Date

October 1992

Document Type

Dissertation

Degree Name

Ph.D.

Department

Dept. of Environmental Science and Engineering

Institution

Oregon Graduate Institute of Science & Technology

Abstract

Leaking underground storage tanks contaminate soils and groundwater with petroleum hydrocarbons. The objective of this research was to better understand hydrocarbon biodegradation in soil by examining the effects of soil moisture content, temperature, hydrocarbon concentration, hydrocarbon chain length, and nutrient additions on hydrocarbon biodegradation rates. Hydrocarbon biodegradation was examined in serum-bottles containing an unsaturated sandy soil incubated aerobically with hydrocarbons and various added nutrients. A majority of the experiments used propane and butane as catabolic substrates. Temperature (15-20°C) and water contents (>75% of field capacity) had little effect on hydrocarbon biodegradation. Hydrocarbon concentrations greater than 0.5% of the serum-bottle headspace inhibited biodegradation unless the organisms were previously exposed to a lower concentration. Nutrient limitation studies showed that fixed nitrogen (N) was initially a limiting nutrient, but that N-limitation could be overcome by N2 fixation under some conditions. Propane and butane degradation proceeded similarly during the first 3 months of incubation. Bacteria in soil amended with N oxidized these hydrocarbons more rapidly than in controls without nutrient additions or in soil with added phosphate or trace minerals. Both propane- and butane-amended soil apparently became N-limited after the initial bioavailable N was utilized, as indicated by a decrease in degradation rates. After 3 months, propane and butane degradation proceeded differently. Propane-degrading soil apparently remained N-limited, because degradation rates stayed low unless more N was added. In contrast, butane-degrading soil appeared to overcome its N-limitation, because degradation rates continued to increase regardless of whether more N was added. Total-N analyses and acetylene-reduction assays supported this apparent surplus of N in butane amended soil. Total N was significantly (P<.01) higher in soil incubated with butane and no N amendments than in soil incubated with propane, even when the latter was amended with N. Acetylene reduction occurred only in butane-amended soil. These results indicate that N2 fixation occurred in butane-amended soil, but not in propane-amended soil.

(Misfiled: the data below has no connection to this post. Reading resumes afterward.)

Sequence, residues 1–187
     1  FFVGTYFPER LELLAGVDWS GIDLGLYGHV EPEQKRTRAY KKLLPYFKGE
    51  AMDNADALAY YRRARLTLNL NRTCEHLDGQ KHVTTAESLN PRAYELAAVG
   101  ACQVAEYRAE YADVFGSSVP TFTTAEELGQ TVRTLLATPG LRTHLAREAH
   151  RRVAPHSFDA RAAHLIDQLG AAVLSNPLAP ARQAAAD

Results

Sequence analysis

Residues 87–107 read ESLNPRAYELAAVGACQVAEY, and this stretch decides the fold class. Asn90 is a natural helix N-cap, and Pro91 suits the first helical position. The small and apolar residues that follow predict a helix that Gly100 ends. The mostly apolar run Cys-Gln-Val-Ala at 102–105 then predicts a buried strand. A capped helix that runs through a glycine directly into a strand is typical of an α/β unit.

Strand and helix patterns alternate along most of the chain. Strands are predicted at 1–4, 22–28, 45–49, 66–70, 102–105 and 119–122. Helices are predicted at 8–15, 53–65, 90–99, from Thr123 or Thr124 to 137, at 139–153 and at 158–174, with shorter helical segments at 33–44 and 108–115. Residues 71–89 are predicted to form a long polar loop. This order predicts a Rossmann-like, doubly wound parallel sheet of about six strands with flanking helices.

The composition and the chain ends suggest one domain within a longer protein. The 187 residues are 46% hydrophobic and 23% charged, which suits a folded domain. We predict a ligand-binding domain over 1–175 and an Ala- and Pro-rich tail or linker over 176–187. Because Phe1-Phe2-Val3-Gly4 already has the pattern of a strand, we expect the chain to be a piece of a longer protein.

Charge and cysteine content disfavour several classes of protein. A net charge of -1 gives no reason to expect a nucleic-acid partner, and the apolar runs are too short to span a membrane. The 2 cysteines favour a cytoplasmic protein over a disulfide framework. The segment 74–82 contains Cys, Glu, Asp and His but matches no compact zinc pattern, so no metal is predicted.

Identifier

doi:10.6083/M4NC5Z57

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